What to Charge: You need to use your own judgement for the area where you will be doing this. He charges $50 - $100 per house for a basic light installation and installations rarely last more than an hour.

Marketing: This is probably the most important part of the process. You want to find an area where it appears that the the people living in the homes are the type that would like to place up holiday lights, but may not have the time to do it themselves. A good indication is if other homes in the area regularly place up Christmas lights.

You should start putting out fliers in the next few weeks (he begins in mid November) and basically leaves the flier at the doors of houses in the area where he expects to work. Handing these out should get you a few jobs.

Once you have a few, the best time to sell is while you are placing up the lights. Once he finishes a house, he walks around to the neighbors and says, "I just installed Christmas lights on the house over there, and since I'm in the area, I'm offering a discount if you'd like your lights installed today." This usually gets him one or two more jobs.

While there are businesses that do full out Christmas layouts for people, if you're first starting out you want to keep it basic and simple. Look for single story houses that can easily be accessed with a ladder or two story houses where all the light hanging areas can easily be accessed.

Add On Income: When talking to the people about placing up the lights, you should ask if they would also liked them removed for an extra $25 (or whatever you decided to charge). This gives you some extra income after the holiday season as well. If they don't want you to take them down, then you want to ask if the person wants their gutters cleaned (if the do want you to take the lights down, wait until that time when you have more time). You are going to be up there anyway and you can usually charge $100 or more depending on how dirty they are. If you come back to take down the lights, if you have a truck you can also ask if they would like their Christmas tree removed which you can also charge a fee for doing. These add on income earners can greatly increase your holiday take.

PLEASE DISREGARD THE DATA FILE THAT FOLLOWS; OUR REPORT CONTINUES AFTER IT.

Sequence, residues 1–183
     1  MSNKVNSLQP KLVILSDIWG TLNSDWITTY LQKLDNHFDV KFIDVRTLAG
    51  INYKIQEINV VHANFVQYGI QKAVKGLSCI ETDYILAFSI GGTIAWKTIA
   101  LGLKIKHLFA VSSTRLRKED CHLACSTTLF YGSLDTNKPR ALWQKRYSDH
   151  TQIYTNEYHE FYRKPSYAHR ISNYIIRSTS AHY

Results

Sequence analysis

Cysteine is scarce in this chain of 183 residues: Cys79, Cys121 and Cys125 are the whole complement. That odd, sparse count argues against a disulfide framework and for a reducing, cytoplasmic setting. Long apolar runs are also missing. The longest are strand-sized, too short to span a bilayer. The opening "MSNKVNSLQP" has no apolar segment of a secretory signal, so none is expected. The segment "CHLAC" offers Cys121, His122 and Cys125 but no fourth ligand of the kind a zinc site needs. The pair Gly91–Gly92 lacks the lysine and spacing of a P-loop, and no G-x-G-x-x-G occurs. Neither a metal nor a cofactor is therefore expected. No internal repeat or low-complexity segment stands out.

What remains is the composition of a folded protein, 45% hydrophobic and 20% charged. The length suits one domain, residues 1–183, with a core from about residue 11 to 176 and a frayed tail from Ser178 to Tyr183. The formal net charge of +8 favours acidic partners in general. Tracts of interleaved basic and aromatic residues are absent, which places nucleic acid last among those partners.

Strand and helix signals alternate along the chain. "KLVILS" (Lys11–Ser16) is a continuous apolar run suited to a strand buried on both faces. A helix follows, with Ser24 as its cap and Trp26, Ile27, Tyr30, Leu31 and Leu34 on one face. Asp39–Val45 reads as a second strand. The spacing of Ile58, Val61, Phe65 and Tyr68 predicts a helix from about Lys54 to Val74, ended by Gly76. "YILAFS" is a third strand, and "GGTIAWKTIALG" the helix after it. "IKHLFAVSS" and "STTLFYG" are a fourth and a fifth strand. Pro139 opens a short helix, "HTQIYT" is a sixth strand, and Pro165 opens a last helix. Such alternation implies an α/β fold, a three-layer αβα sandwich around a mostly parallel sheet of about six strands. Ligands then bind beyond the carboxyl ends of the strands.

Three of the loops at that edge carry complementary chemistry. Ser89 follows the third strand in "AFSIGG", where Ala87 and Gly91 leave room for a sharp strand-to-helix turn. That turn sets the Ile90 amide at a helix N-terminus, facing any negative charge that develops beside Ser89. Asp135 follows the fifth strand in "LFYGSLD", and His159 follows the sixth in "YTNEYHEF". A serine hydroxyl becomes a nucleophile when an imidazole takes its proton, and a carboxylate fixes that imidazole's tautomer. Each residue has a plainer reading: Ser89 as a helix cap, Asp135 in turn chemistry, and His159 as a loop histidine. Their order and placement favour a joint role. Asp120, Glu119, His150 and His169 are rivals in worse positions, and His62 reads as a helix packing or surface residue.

Just like any business, you will have to do legwork and spend time finding customers, but it can be a quite lucrative business for the holidays with little start up costs.

Bright Money Making Idea

April 2nd, 2006 at 07:51 am

I love coming across people that look at a situation and come up with a way to make extra money from it. Here is an 18 year old that will probably make a few hundred dollars this spring vacation by helping out people with a common problem:

Eighteen-year-old Evan Kelso is offering to change every digital clock in a customer's home or car after all of Indiana goes to daylight saving time this weekend for the first time in more than 30 years. His fee: $10.

Kelso, a senior at Bishop Luers High School, said he came up with the idea as Indiana lawmakers sniped about time zones and daylight-saving time. He said he and his father are always trying to think up new ways to make a little extra cash...

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He is certainly thinking and it goes to show that there are lots of situations you can take advantage of to make a little extra money.